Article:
Well, despite intense shopping along Oxford, we managed to accomplish all of the above, only by about 3:15ish, when we had to run back from King's Cross all the way back down to our Earl's Court hotel, to grab my imported grits for my friend, whom we were meeting in Trafalgar Square at 4ish. Whew!

But, I wouldn't trade the muss and fuss for anything, as we had a good time at HMV looking for a million Brit music CDs and Simon Pegg's Nerd Do Well book. And at the soccer shop (no really, it was called the Soccer Store, presumably to draw in us dumb Americans). And at the touristy souvenir shops (had to pick up Wills/Kate magnets). And at a place called JOY (yes, I know!). And window shopping. And saying hello to FDR and Winston on Bond Street.

We finally managed to get on with our schedule round about 11 or so...with a fun trip to the Toy Museum, all Victorian with its overwhelming collection of both creepy and cool toys. Seriously, that place must be a madhouse when all the humans go home - you just know all the toys are totally raving afterhours.

My fave part of the trip thus far has been the New London Architecture space - which has a supercool London diorama. Ya'll know I love a good diorama. I mean, it wasn't on the level of the Queens diorama of New York, but nothing gives you a better feel for the layout of a town than a fantastic diorama. Whoa. Ya'll didn't think I could be this dorky, huh. (Well, you are reading a magnetblog! Hmph!)

We also loved the supercool Out of This World science fiction exhibit at the British Library. I mean, the library itself was an awesome building - but the exhibit, despite being overcrowded, was really well done. It basically went through the science fiction genre from several different aspects and POVs, and through books and music and television and film. So good! We weren't able to do the tour or the Library treasures exhibit, but I suppose we should keep some stuff for future visits.

After a quick trot in the rain past St. Pancras, and a quick snap at Platform 9 3/4s for the sister, it was back to pick up the grits for my friend. No, really. She lives with her hub in South London but grew up with me in NC, and that was her one request. It's the one thing she can't find in London. I feel her pain, man. It's hard to get good grits in New York, too.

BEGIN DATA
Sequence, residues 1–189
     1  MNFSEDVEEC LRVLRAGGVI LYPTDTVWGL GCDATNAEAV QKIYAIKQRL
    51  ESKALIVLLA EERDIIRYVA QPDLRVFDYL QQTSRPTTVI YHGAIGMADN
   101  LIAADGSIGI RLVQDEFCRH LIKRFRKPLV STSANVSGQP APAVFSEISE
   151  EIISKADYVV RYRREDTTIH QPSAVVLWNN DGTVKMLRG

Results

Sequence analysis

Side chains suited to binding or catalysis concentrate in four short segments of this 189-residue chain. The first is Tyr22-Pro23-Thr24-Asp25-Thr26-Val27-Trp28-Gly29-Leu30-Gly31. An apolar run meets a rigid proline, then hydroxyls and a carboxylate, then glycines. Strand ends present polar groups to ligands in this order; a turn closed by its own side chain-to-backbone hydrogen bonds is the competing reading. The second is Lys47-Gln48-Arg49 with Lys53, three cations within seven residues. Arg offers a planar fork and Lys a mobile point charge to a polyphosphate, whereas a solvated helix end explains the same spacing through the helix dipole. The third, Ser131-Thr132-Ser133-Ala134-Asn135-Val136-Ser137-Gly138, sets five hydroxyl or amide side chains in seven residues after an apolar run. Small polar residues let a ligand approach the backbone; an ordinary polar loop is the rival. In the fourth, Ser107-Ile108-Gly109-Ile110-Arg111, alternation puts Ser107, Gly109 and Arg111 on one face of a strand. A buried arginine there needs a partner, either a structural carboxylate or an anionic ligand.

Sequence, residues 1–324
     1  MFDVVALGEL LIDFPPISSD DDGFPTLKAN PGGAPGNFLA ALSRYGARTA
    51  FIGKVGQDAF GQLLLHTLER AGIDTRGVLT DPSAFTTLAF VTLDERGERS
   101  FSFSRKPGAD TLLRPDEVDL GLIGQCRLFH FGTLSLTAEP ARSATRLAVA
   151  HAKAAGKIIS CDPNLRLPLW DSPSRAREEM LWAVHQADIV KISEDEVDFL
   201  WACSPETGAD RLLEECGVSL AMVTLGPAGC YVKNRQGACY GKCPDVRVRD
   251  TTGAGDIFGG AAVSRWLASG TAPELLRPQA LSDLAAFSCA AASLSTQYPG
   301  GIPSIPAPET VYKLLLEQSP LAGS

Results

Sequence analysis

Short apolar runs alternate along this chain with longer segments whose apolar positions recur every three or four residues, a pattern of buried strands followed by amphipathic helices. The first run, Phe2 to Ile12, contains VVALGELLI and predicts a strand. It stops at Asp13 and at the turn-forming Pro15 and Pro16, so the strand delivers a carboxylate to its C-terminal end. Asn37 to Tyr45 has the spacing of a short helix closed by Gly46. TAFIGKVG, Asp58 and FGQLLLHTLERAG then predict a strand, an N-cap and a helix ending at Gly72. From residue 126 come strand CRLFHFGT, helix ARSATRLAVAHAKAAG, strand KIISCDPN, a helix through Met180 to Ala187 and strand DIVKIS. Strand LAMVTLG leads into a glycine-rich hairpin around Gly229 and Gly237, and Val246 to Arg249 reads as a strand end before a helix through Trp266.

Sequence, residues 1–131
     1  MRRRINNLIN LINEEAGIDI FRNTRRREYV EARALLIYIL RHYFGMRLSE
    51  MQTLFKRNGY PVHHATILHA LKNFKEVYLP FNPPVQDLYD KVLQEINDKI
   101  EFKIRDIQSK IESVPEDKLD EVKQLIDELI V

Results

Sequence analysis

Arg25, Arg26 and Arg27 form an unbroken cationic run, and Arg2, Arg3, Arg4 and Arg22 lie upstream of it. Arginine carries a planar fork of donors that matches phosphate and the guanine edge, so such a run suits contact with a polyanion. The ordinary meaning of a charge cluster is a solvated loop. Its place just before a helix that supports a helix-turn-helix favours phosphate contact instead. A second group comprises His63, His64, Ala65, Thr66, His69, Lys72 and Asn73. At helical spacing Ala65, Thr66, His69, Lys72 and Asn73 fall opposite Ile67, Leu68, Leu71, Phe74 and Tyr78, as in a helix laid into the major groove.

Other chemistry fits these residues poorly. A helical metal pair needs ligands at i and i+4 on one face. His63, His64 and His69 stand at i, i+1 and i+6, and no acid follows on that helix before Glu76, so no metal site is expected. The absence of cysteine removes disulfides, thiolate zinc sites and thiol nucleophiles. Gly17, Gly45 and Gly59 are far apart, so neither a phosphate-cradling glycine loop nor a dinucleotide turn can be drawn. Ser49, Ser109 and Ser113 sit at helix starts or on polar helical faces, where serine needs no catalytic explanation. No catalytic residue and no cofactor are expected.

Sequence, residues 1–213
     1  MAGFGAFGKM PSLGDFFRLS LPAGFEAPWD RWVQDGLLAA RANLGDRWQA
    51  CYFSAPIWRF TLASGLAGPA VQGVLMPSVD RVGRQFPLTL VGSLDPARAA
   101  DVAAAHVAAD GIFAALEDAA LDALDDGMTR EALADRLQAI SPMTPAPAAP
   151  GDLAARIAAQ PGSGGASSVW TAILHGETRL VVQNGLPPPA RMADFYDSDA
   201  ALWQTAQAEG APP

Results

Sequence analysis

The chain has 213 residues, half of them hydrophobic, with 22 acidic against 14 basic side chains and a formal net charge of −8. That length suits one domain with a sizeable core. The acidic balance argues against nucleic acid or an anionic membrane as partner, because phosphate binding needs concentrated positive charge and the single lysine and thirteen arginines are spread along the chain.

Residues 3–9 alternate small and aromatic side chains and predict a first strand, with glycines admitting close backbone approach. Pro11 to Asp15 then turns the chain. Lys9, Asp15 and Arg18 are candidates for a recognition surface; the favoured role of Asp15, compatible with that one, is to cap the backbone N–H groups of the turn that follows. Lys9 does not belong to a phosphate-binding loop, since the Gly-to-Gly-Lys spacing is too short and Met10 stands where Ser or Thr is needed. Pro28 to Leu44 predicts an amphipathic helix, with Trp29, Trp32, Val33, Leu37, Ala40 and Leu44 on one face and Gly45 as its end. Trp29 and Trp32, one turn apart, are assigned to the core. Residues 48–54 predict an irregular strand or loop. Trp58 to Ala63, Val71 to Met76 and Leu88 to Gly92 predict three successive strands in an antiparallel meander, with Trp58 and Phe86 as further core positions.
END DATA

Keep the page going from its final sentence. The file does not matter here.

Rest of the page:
Well, like they say, you can take the girl out of North Carolina...
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Thursday, June 16, 2011


Magnet #1210 - Much Ado About Nothing

Confession time. I follow a lot of folks on Twitter surrounding the David Tennant/Catherine Tate production of Much Ado About Nothing. A couple of the actors, a couple of the bloggers, a couple of the fansite folks, etc.

But that's not my confession.

My confession is that, despite following all those Twitterfeeds, I seriously had an OMG moment in London that #muchado was really for Much Ado.

Now, in my defense, I must have known at some point. But for some reason, in my head, #muchado had become a word, pronounced like the Spanish muchacha or muchacho.

It was one of those OMG moments of extreme stupidity, that has perhaps replaced all the other moments of extreme stupidity. And, I keep repeating it with a giggle now, Mooochadoh.

Which is why I can't really judge the two little teenyboppers who sat next to me at #Muchado. The ones who asked us was the play done, and where we were going at the interval.

No, really. They couldn't tell that the play had been left mid-story at the...interval?

But anyway, yay for David Tennant still reeling the young ones into Shakespeare.

And yay for not being ill for today's performance!!! Thank you SO much, David Tennant!